CH110-120 Chapter 1 Lecture Notes

CH110-120 Chapter 1 Lecture Notes - Chapter 1 Fundamental...

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1-1 1.1 Atoms, Molecules, and Compounds 1.2 Measurements in Chemistry 1.3 Chemical Problem Solving 1.4 Counting Atoms: The Mole 1.5 Amounts of Compounds 1.6 Aqueous Solutions 1.7 Writing Chemical Equations 1.8 The Stoichiometry of Chemical Reactions 1.9 Yields of Chemical Reactions 1.10 The Limiting Reagent Chapter 1 Fundamental Concepts of Chemistry
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1-2 1.1 Atoms, Molecules, and Compounds Atoms All matter is made up of tiny particles called atoms . All atoms of a given element have identical chemical properties that are characteristic of that element. Atoms form chemical compounds by combining in whole-number ratios. Atoms can change how they are combined, but they are neither created nor destroyed in chemical reactions. Atoms are conserved during physical and chemical transformations – atoms are neither created nor destroyed during a chemical or physical process Mass is conserved during physical and chemical transformations – mass is neither created nor destroyed during a chemical or physical process
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1-3 Atomic Structure: Protons, Neutrons, and Electrons Protons and electrons carry charges (positive and negative) Neutrons have no charge, but they do have mass Mass of proton = 1.67 x 10 -27 kg This is very small. It is more convenient to use another unit. 1 amu = 1.67 x 10 -27 kg (amu – atomic mass unit)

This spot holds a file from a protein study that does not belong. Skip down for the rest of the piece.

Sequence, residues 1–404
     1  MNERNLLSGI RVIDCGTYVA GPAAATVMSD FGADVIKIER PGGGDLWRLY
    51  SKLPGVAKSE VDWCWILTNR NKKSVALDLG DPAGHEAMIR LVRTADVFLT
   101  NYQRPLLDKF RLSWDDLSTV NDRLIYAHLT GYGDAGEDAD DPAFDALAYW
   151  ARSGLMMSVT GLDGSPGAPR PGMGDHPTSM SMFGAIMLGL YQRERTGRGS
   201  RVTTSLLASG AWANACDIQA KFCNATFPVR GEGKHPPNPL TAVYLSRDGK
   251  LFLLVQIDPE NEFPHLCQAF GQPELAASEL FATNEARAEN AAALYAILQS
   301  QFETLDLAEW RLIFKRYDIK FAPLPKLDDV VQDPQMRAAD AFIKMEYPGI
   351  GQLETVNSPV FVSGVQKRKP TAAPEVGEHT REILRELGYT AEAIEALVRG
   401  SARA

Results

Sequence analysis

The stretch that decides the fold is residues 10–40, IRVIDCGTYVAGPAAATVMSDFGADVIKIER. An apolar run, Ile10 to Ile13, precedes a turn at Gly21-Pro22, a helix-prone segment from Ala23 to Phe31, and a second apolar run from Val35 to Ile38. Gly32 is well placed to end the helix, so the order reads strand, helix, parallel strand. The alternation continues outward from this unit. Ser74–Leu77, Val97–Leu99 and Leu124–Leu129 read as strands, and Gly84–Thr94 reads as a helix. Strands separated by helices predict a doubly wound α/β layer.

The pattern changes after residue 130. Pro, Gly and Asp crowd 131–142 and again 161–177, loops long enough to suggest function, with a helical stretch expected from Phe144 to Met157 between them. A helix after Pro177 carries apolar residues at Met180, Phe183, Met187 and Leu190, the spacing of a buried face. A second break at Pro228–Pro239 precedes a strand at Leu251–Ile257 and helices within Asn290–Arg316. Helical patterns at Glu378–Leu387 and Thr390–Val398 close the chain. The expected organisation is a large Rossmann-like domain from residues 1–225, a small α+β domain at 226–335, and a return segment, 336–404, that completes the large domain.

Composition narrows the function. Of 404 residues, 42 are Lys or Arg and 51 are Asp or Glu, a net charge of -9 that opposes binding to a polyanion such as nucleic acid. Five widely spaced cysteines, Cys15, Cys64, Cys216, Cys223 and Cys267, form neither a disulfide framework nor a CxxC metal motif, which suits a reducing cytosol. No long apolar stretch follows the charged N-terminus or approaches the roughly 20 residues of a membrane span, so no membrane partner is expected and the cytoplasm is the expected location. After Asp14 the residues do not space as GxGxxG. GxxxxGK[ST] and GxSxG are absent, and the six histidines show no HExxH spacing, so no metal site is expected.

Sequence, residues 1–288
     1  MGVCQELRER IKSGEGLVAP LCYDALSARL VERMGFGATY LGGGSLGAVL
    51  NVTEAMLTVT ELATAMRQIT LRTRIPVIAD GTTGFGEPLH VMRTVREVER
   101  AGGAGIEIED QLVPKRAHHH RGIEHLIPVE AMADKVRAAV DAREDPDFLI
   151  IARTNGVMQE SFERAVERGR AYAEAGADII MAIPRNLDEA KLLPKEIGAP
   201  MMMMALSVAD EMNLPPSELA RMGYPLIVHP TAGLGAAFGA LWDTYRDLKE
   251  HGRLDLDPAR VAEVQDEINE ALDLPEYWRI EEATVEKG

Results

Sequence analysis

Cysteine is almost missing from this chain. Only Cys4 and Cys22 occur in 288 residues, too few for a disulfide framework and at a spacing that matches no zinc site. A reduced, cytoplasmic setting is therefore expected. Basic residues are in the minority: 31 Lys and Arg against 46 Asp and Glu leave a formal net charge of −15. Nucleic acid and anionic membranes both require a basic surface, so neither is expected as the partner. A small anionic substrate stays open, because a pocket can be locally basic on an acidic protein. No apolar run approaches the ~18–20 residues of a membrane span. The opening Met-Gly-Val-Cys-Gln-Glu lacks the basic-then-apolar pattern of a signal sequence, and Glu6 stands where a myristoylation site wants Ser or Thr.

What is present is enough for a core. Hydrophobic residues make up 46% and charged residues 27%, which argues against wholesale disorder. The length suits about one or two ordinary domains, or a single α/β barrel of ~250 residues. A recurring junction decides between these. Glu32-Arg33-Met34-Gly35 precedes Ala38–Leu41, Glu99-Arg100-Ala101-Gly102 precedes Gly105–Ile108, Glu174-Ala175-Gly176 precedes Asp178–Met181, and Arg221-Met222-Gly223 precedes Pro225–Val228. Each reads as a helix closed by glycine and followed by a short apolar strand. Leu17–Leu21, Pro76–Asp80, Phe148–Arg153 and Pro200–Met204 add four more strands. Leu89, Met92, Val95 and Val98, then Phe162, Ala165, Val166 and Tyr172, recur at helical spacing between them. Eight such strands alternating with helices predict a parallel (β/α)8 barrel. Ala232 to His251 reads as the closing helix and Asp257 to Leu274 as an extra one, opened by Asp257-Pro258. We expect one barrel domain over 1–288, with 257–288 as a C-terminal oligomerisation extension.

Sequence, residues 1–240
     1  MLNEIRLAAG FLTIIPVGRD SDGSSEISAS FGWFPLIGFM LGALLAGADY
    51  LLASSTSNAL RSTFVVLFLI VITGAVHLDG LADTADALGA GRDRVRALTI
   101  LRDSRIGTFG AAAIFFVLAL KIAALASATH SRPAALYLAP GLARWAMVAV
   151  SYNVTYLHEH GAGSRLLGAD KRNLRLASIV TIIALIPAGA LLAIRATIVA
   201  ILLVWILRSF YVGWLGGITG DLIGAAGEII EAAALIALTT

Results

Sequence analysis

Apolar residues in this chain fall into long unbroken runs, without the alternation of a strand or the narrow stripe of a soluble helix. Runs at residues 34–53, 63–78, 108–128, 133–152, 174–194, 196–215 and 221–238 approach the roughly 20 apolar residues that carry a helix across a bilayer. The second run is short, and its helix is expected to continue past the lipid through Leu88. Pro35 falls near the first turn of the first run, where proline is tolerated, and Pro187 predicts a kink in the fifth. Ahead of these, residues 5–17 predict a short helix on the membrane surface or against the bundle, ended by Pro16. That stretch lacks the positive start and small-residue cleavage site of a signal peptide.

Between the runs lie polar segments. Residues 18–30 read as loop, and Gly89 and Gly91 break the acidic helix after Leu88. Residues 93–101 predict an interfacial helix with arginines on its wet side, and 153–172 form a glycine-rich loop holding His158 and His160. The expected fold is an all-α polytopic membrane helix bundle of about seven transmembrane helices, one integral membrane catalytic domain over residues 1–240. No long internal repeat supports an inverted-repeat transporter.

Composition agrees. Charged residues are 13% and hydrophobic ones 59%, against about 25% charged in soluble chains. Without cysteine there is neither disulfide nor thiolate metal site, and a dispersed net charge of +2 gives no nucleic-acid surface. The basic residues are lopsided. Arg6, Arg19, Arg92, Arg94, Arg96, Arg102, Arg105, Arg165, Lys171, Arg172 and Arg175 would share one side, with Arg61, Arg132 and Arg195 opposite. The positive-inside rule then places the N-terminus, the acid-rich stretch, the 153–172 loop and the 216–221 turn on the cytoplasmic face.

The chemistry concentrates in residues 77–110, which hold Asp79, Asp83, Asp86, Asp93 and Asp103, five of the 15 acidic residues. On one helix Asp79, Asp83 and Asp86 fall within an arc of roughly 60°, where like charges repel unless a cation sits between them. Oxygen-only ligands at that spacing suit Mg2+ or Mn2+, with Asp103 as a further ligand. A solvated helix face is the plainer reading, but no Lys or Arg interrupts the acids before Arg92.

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1-4 Elements A substance that contains only one type of atom is called a chemical element . Each has A unique name A unique number (Z)
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1-5 Periodic Table of the Elements
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1-6 Atomic Structure: Isotopes Isotopes - Atoms with the same number of protons, but a different number of neutrons . (Are they the same element?) Example: isotopes of hydrogen
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1-7 Atomic Notation A – atomic mass # of protons + # of neutrons Z – atomic number # of protons X – element symbol X A Z Examples: O 16 8 Co 59 27 U 238 92
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1-8 Clicker Question: How many protons, neutrons, and electrons are there for carbon-14, which is used for radiocarbon dating? a) 6 protons, 6 neutrons, 6 electrons b) 6 protons, 8 neutrons, 8 electrons c) 8 protons, 6 neutrons 8 electrons d) 12 protons, 14 neutrons, 12 electrons e) WTF? What is the most abundant (and stable) isotope of carbon?
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1-9 Unstable Nuclei - Radioactivity Some isotopes are not stable, and decompose over time. These isotopes are radioactive – they emit particles as they decay, and are converted into more stable isotopes. What makes a nucleus unstable?
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1-10 Unstable Nuclei - Radioactivity Unstable nuclei decay over time, emitting energetic particles (radiation) in the process. There are three types of radiation: 1. Alpha ( α ) particles – positively charged particles, actually helium nuclei. 1. Beta ( β ) particles – negatively charged particles, actually energetic electrons 2. Gamma ( γ ) radiation – high energy photons (particles without mass) that are the byproduct of positron emission .
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1-11 Isotopic Abundance Isotopic Abundance : the percent abundance of each isotope of an element.
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